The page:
Hillsborough Law – What does it mean?
Our newest trainee, Abeer Sharma, analyses The Public Authorities Accountabilities Bill – a draft Bill launched by victims’ families would see public figures prevented from minimising responsibility at inquests
The 1989 Hillsborough Disaster – where 96 Liverpool Football club fans died in a human crush at a match in Sheffield, has left an indelible mark; particularly with respect to the tireless 27-year campaign fought by the families of the deceased to clear the names of their loved ones. This has been despite a cavalcade of media smears and the concerted effort of South Yorkshire Police and other public institutions to deflect blame onto the dead; framed within the prevalence of football hooliganism at the time of the disaster.
The success of the campaign has recently led to the presentation of a new bill – The Public Authorities Accountabilities Bill or “Hillsborough Law”. The second inquest into the disaster laid bare the sheer scale of the depths to which the force and ambulance service sank in order to swerve accountability, defend narrow organisational interests and unnecessarily obfuscate public inquiry into their own wrongdoing. Indeed, Chief Constable of South Yorkshire Police David Crompton was suspended largely down to the conduct of the force’s lawyers during the inquest and its aftermath.
At common law there already exists a “duty of candour” and in statute under Regulation 20 Health and Social Care (Regulated Activities) Regulations 2014 in the context of healthcare. However, these duties have proven too narrow in their application. Other major public administrative failures such as at Mid-Staffordshire NHS Trust and child sexual abuse in Rochdale and Rotherham along with Hillsborough has given succour to the desire to codify and broaden the application of this duty within statute.
Hillsborough Law aims to ensure that all public authorities, officials and servants are under a duty to act in the interest of the public. Sections 1-3 of the bill read:
1. Public authorities and public servants and officials shall at all times act within their powers:
(i) In the public interest,
(ii) With transparency, candour and frankness.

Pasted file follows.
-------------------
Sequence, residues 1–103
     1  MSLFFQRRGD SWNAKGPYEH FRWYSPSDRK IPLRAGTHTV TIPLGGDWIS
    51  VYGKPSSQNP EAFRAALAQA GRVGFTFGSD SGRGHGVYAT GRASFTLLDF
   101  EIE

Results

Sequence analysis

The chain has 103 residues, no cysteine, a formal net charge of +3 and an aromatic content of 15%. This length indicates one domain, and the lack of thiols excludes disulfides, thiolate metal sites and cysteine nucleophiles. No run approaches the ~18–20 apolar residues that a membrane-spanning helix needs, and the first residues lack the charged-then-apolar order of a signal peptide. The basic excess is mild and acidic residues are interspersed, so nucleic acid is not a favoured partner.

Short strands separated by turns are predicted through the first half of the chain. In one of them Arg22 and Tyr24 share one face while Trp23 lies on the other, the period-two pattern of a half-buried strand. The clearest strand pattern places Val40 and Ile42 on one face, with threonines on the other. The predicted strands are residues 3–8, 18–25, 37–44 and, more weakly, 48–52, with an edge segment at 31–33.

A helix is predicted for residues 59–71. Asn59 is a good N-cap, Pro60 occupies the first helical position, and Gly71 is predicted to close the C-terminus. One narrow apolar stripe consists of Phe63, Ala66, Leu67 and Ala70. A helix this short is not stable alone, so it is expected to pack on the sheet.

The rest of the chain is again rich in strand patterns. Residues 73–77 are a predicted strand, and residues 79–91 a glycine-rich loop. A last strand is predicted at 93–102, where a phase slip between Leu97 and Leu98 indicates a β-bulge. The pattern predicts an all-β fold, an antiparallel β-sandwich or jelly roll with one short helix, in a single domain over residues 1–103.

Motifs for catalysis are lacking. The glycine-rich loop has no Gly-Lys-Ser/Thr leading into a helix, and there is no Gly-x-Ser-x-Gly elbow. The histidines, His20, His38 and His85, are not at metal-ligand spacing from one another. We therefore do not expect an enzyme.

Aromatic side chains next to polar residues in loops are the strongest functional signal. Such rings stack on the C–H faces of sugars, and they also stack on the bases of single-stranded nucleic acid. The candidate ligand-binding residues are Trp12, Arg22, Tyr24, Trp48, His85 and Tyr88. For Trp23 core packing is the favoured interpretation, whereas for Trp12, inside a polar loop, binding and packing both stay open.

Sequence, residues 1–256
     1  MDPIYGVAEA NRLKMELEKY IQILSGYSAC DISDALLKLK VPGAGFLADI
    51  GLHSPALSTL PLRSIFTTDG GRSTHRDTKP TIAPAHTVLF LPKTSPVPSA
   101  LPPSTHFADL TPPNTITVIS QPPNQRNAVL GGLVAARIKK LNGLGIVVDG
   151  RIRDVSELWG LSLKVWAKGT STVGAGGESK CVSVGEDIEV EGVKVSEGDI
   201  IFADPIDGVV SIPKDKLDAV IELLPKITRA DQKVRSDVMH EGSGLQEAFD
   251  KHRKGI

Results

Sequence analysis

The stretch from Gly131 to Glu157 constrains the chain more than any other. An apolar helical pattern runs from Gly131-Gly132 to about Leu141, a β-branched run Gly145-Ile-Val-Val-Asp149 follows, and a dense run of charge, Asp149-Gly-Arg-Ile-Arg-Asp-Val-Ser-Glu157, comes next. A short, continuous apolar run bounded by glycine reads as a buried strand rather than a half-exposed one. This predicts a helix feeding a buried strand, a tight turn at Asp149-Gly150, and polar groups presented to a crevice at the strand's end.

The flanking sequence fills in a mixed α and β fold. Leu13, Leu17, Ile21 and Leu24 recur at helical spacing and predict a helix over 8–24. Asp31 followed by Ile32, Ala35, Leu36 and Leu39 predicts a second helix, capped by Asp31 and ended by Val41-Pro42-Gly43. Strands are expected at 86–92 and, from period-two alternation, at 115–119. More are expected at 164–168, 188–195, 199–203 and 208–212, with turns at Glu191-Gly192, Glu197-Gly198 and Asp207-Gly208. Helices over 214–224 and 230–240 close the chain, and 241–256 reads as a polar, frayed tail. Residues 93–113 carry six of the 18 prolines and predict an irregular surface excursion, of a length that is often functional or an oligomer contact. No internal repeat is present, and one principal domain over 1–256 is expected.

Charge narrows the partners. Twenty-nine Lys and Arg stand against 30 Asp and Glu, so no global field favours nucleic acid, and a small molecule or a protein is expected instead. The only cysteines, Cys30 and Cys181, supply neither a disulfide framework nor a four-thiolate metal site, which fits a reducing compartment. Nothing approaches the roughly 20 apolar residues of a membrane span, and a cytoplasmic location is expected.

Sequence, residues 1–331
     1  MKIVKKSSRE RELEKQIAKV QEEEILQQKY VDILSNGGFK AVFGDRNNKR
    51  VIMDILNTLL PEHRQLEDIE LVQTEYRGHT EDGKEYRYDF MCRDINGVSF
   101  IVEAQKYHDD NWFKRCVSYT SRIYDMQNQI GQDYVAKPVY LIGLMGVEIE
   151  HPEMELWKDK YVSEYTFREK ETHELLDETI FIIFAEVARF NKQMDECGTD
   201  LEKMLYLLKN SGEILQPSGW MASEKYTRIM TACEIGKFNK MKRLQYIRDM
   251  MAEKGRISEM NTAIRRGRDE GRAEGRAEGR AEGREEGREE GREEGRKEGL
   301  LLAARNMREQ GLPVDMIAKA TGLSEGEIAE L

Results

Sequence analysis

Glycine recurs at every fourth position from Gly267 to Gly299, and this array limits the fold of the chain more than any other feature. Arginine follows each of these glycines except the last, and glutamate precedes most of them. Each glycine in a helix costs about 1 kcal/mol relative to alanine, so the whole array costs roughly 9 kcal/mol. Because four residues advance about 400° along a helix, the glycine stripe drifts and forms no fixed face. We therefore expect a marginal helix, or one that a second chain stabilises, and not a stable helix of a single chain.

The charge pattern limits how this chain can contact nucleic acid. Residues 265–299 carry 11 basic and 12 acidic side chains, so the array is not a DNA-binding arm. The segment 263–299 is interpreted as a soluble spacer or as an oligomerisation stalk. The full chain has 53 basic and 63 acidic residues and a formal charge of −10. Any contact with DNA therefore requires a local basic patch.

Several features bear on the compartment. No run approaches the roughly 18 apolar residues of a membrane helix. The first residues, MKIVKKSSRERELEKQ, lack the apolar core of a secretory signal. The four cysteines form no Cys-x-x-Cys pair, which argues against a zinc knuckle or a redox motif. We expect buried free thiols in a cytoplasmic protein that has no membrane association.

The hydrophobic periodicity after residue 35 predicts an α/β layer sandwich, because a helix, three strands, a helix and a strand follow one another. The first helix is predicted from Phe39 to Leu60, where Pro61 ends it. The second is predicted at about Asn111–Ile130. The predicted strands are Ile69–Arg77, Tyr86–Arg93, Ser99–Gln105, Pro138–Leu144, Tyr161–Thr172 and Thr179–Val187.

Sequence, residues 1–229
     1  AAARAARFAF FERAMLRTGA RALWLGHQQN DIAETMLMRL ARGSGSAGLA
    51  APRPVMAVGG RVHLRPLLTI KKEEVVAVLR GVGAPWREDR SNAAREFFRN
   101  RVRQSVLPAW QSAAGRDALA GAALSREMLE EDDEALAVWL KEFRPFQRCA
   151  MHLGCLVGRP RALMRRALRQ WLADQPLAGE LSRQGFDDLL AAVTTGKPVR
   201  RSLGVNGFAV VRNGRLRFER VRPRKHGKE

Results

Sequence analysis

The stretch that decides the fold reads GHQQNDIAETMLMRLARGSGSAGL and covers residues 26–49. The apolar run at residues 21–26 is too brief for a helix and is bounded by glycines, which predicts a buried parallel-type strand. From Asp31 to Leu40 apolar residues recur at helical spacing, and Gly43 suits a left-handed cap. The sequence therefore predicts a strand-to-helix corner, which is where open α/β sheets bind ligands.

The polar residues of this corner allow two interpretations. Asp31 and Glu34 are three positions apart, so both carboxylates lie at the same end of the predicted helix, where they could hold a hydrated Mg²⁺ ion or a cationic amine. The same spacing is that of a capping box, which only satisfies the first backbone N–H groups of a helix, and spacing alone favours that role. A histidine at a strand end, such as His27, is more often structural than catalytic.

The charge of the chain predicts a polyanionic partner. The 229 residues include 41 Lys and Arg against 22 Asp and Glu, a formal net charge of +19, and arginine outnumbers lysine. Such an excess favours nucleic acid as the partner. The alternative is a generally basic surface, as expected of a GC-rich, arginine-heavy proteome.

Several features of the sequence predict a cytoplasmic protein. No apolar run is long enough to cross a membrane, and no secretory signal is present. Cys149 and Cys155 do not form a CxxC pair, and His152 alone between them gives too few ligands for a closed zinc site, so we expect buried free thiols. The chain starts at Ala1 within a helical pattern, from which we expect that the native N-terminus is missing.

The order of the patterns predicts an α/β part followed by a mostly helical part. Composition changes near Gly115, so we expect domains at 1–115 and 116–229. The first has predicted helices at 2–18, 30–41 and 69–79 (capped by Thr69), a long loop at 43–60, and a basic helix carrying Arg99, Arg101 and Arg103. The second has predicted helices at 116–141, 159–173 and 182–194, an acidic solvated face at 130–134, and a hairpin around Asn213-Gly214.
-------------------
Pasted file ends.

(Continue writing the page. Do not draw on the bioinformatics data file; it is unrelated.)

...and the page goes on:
2. Public authorities, public servants and officials shall be under a duty to assist court proceedings, official inquiries and investigations:
(i) Relating to their own activities, or
(ii) Where their acts or omissions are or may be relevant.
3. In discharging the positive duty under section 2, public authorities, public servants and officials shall:
(i) Act with proper expedition,
(ii) Act with transparency, candour and frankness,
(iii) Act without favour to their own position,
(iv) Make full disclosure of relevant documents, material and facts,
(v) Set out their core position on the relevant matters at the outset of the proceedings, inquiry or investigation,
(vi) Provide further information and clarification as ordered by a court or inquiry.
These sections impose robust, broad duties on those within the public sphere to be as open and honest as possible in discharging their general duties and conducting court proceedings, subject to few exceptions. Under Section 7, the duties in sections 1-2 also apply to private law matters where there is a public element.
Sections 10-12 are where the legislation starts to bare its teeth. In summary, subject to the exception of criminal investigation, a public official’s intention to not comply with the duties imposed by section 2 or recklessness in discharging their section 2 duties will make that person liable. Further, the bill catches those involved at the time of an incident who may no longer be involved with/employed at that particular public institution for omitting to provide witness statements and materials relating to their conduct and knowledge at the time of the incident.
What are the penalties? Section 15 is unambiguous on this:
15. “The penalty for an offence under any of sections 10, 11 or 12 shall be a term of imprisonment not exceeding X years and/or a fine not exceeding £Y”
The proposed bill will be looked at by the Bishop James Jones in his review. How the draft bill proceeds from there is yet to be seen and should it be put before Parliament, there is bound to be fevered discussion and amendments made before such legislation can be passed.
However, what we know at this juncture is that Hillsborough Law is a brave attempt to end the defensive, self-serving approach of public institutions when faced starkly by their severe failings. Time will tell whether the bill becomes law, but public appetite will likely be for this being a further battle that the families of the deceased and their legal teams can eventually win.